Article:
With the fallout from the global economic crisis still being felt around the world, it is in many cases difficult to know whether you will have a job next week let alone 2020 – unless, it seems, you are England’s head coach.
Stuart Lancaster put pen to paper on a six-year contract extension with the Rugby Football Union this week in what can be seen as a ringing endorsement of his achievements both on and off the field since taking charge – on a permanent basis – in March 2012.
A victory over New Zealand at Twickenham was the highlight of his first year at the helm and remains the high point of his tenure. England have not won the Six Nations since he took on the role and they have struggled to cement a place in the top three of the International Rugby Board world rankings – although Argentina’s victory over Australia at the weekend has seen them climb back into that bracket
An away victory over one of the major southern hemisphere giants remains elusive and his record of 18 victories from the 30 matches he has presided over leaves him with a not-too-dazzling win percentage of 60%. But in this case, perhaps surprisingly given this is an elite professional sport, results are apparently not everything – not in the short term anyway.
Lancaster was charged with navigating England out of the disaster that was the 2011 Rugby World Cup where a disappointing quarter-final exit at the hands of France and numerous headline-grabbing off-field incidents saw them slump to a new low in the eyes of the rugby and wider world.
Quite rightly he is clearly being rewarded for having done just that with his bold and refreshing approach to elite sports management helping to once again earn the respect of their rugby rivals and, perhaps more importantly to a union desperate to engage the nation ahead of the 2015 Rugby World Cup, the general public.
His efforts to repair a fractured culture within the England set-up have filled many column inches and although he does not hide the fact he regularly draws on the ideas and methods of others, The Score Takes Care of Itself and Sky’s The Limit being two notable examples, make no mistake, England’s resurgence is Lancaster’s handiwork.
His efforts to provide the kind of ‘sustainable success’ enjoyed by New Zealand and craved by his employers extend far beyond the scoreboard at Twickenham. In his previous RFU role as Head of Elite Player Development, Lancaster helped equip talented youngsters for the demands of Test rugby and he continues to take a lead in ensuring that potential is always reached and that the national side benefits from a steady stream of top-class talent.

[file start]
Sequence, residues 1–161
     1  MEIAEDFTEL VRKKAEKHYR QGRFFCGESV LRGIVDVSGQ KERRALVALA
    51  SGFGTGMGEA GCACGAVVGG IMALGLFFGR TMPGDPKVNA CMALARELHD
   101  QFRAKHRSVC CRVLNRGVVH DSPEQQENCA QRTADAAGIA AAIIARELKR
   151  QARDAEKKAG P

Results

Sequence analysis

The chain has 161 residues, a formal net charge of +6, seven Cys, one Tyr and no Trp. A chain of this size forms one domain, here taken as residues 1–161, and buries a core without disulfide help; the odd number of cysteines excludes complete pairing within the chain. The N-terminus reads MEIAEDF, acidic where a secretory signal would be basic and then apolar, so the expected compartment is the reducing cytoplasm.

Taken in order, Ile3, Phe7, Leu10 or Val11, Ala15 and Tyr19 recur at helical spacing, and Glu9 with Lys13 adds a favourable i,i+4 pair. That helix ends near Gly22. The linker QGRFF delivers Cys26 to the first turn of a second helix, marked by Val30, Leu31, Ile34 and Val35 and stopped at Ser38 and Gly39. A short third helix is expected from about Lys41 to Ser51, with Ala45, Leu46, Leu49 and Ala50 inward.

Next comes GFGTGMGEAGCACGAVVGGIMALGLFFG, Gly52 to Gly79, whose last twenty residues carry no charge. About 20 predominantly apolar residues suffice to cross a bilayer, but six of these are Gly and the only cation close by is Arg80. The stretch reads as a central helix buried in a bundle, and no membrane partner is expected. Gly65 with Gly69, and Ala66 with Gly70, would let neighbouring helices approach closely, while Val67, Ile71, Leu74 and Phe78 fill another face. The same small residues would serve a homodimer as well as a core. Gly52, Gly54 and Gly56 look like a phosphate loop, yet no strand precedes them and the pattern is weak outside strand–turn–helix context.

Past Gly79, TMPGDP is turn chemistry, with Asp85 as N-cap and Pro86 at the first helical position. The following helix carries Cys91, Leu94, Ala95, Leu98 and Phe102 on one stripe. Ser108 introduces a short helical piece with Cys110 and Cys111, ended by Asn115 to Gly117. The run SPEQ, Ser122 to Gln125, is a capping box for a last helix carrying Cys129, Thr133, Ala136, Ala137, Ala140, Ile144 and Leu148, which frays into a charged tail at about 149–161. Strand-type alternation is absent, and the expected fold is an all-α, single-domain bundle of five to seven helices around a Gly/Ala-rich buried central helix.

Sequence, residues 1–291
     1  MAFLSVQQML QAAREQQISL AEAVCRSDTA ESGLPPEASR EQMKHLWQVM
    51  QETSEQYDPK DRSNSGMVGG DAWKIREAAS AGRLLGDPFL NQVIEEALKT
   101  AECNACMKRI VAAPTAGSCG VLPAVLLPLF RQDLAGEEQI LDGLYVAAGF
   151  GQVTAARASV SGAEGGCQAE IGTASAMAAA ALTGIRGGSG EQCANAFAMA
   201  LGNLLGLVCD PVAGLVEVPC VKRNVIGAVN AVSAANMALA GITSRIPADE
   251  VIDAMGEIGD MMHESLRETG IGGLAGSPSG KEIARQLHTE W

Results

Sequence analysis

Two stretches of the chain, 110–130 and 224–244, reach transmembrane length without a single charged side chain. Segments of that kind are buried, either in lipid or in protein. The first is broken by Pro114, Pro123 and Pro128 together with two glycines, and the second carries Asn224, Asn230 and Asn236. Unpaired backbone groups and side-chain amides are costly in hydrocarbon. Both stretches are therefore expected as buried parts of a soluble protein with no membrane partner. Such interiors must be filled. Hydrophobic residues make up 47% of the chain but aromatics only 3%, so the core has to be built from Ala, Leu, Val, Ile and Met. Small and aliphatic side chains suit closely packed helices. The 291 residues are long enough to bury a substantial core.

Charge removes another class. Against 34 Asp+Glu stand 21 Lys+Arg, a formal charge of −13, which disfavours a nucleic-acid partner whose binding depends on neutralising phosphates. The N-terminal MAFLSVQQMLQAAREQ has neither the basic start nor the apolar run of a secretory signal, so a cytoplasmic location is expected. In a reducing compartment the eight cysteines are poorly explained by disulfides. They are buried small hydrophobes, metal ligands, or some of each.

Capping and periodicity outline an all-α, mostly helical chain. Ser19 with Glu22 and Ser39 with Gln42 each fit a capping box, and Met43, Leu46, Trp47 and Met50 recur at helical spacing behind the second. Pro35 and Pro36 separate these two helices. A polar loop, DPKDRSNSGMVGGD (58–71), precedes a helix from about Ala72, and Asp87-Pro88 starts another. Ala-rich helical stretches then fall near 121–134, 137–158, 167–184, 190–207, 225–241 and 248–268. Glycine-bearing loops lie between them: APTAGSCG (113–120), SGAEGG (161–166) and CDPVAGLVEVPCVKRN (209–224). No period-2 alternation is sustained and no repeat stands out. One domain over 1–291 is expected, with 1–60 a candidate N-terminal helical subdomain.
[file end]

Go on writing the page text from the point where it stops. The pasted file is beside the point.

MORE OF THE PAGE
With the benefit of some top-class talent, England have claimed back-to-back successes at the IRB Under 20 Junior World Championship while England Under 18’s are the current European champions. Success has also extended to the women’s game with England claiming the Women’s Rugby World Cup crown earlier this year.
Arguably just as important in laying the foundation for repeated success is similar development paths for coaches. Despite the huge contract extension, Lancaster knows he will not be around forever and knows he must also nurture the other leading coaching lights within the England set-up to underline his methods and beliefs and sustain the success he hopes they will all achieve.
To do that, Lancaster requires some able lieutenants and his own faith in his assistants was also clearly a major factor in Graham Rowntree, Andy Farrell and Mike Catt also signing new contracts with the RFU that secures their services until the end of the 2019/20 season. This move is also no surprise given the praise they too have earned from both inside and outside the international set-up.
As highly respected coaches, the RFU is also aware that they could quite understandably be the subject of bid from any upwardly mobile club side in the world and their new long-term deals limit the likelihood of that happening while also providing stability.
Lancaster’s philosophy and presence will also have been felt at age-group level while leading Premiership coaches such as Exeter’s Rob Baxter and Saracens’ Paul Gustard have been invited to work with the national side in the past.
Of course results will ultimately define whether Lancaster is still pulling an RFU pay cheque when we are reflecting on the first World Cup to have been played in Asia. The RFU insist they will conduct performance reviews throughout the contract with the key one set to take place after next year’s World Cup in England.
Expectations are high and safe passage through a pool that also contains Australia and Wales is by no means a foregone conclusion. An early exit may prompt a tearing up of the contract and a pay out that the world’s richest union should be able to cover.
But you sense even if the unthinkable happened and England failed to progress and the media ran roughshod over the team, Lancaster would be afforded the opportunity to atone in Japan in 2019, such is the faith the RFU have in him and his methods.
Key figures in the game including former England coach Sir Clive Woodward have suggested that the comfort offered by Lancaster’s new deal may ‘erode ambition’ and ‘diminish the team’s hunger and fear factor’.
Will the contract hang heavy around Lancaster’s neck if victories and Championships do not come England’s way? Or will the stability it provides give him and his fellow coaches and players the freedom to express themselves more and push the boundaries of performance? Time will tell.